These bivalves and crustaceans are not bored. But not all sea creatures are so lucky.
Manejas el cachai?
Whether you like it or not, your Spanish, as compared to other people’s Spanish, whether or not they are present, is a frequent topic of conversation in Chile. I have a friend that says that when people tell you you speak Spanish well, it means you don’t. I have not had that experience, but she’s probably right. I speak well, and sometimes people comment on my Spanish (but more often on my accent, which is slight, but evident, specifically in the pronunciation of s, j and r (but not so much rr)), but I have no reason to think that they’re being either facetious or polite. In fact, as I write this, I have just spent a week in La Serena with a friend, in Spanish without great drama, except for when we were watching the videos of people eating surstromming, because the friend is heading to Sweden for midsommar, and that is a thing, the little putrefying herrings in a can. I did finally learn the word for slimy, which is ligoso, which is handy, as previously I’d been stuck with chicloso, which means gummy, mocoso, which means snot-like, and viscoso, which as you might guess means viscous, but none of them have the well, sliminiess of slimy. Like I said, handy. I shall use it with vigor.
Speaking of using words, and your Spanish, Chilean Spanish is famous for being heavy in slang. We have random Mapundungún words, like huincha, which means measuring tape, or tape, though we have a perfectly good expression for this in Spanish, or huacho, which means bastard (as in a child), or a single (as in a sock), not to be confused with huachita, which is a term of endearment. There is also coa, or jailhouse slang, and from this we get words for the various money denominations, gamba is 100 pesos and quina is 500, and luka is 1,000, and also the word for the jail itself, which is la cana, which leads to expansion to things like “se fue a Canadá,” when the person in question did not, actually go to Canada, but is in fact, in jail. Which is pretty funny when your friends actually do go to Canada, but I digress (surprise!)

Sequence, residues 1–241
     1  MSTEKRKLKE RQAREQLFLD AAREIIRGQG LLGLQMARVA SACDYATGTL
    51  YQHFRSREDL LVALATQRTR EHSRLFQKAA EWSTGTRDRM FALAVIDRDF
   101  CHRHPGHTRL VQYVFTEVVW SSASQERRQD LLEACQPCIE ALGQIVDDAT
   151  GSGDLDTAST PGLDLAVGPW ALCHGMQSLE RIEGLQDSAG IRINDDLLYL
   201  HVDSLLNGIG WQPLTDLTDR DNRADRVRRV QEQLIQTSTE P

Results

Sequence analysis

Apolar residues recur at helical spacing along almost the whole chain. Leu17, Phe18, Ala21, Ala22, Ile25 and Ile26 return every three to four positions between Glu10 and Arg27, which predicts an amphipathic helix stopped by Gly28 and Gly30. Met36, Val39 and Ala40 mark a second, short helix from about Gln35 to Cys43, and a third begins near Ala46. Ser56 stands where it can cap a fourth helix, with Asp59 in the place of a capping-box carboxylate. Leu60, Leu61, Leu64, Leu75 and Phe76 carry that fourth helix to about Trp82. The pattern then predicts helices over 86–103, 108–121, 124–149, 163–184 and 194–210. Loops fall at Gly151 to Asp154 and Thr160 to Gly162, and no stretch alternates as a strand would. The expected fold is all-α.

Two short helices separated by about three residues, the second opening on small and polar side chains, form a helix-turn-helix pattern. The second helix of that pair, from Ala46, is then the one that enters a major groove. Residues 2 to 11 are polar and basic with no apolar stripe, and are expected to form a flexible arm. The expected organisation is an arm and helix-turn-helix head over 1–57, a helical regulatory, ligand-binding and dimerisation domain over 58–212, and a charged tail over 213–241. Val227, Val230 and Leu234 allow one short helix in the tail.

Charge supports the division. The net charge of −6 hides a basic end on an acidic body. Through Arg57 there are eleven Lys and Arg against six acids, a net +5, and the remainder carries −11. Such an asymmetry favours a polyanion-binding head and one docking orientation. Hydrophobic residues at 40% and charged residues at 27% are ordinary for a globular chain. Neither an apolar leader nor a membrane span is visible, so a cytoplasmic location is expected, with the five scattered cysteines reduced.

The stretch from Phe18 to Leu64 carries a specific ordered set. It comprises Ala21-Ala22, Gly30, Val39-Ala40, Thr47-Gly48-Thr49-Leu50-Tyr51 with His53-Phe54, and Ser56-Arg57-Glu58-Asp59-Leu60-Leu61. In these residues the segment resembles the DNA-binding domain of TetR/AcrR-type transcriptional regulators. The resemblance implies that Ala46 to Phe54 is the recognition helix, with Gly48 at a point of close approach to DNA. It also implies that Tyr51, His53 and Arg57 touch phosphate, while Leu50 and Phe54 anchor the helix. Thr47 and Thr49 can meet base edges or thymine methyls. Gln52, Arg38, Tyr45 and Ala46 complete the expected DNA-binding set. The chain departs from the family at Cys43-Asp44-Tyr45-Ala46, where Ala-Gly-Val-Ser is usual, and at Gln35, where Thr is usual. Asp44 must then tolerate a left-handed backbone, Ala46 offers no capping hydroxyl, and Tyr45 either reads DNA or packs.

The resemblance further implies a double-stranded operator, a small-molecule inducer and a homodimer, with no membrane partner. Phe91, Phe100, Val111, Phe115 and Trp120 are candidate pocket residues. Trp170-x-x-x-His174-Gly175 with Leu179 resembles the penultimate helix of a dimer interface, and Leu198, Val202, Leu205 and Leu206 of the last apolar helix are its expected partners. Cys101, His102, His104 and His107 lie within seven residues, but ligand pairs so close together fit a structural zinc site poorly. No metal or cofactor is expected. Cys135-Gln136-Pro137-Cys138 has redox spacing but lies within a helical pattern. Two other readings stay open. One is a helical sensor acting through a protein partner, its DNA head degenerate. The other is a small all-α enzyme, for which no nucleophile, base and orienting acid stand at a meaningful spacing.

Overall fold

And there are expressions, oh! there are expressions. I have dictionaries full of expressions and a brain full as well. Del chincol al jote, from a to z (or sparrow to buzzard), meaning the gamut, without any specific criteria. This was another gain from this weekend. A word to the wise, you do have to look at the source of your slang, to know how urban or rural it is, or how old-timey. I have several friends from “regiones” (from outside of the metropolitan region) who have a veritable quiver of country expressions, like “se me fue en collera,” meaning, it all went to crap, or got out of control, but is actually rodeo talk, for when that pesky calf gets away. Igual se entiende. People will understand you. But it’s still a little weird, like calling jeans dungarees.
I don’t know if Chilean Spanish has more slang than other Spanish. Perhaps it does. As I tried to explain to my friend the (admittedly) ridiculous expression in English that is also related to draft animals, “I don’t have a horse in that race.” It doesn’t matter to me at all if Chilean Spanish is more or less slangy or intelligible than other kinds of Spanish. I trust in the human animal to develop words and expressions and ways of expressing ourselves, on matter what the method of communication or language we share. Go evolution.
But back to Chilean Spanish, and how well you speak it. When it is revealed that you speak Spanish (well, or at beginner level, or in between), the conversation then turns to whether or not you understand Chilenismos. Some of which are admittedly unrelated to the very thing they mean to express, like how “matar la gallina” means “to have sex,” or not something you’d have thought of before, like “aburrido como ostra,” which means “as bored as an oyster.” To be fair, English expressions win no prizes either, and in the freshness department, Spanish beats English with “fresquita como lechuga,” over “fresh as a daisy.” Lettuce being more indicative of freshness than daisies, at least the way I see it.
And yet the public test of whether or not you understand Chilenismos is unrelated to any of these expressions. You don’t get credit for understanding (or saying), “tengo pa rato” (I have to wait/do this for a long time before it ends), or saying, “me comí el medio sandwich,” where, almost inexplicably, that means you ate a giant sandwich, despite the fact that medio would seem to mean (and sometimes does mean) half.
The thing everyone wants to know is whether you understand the word “cachai,” and implement the semi-nonword/verbal tic “po.”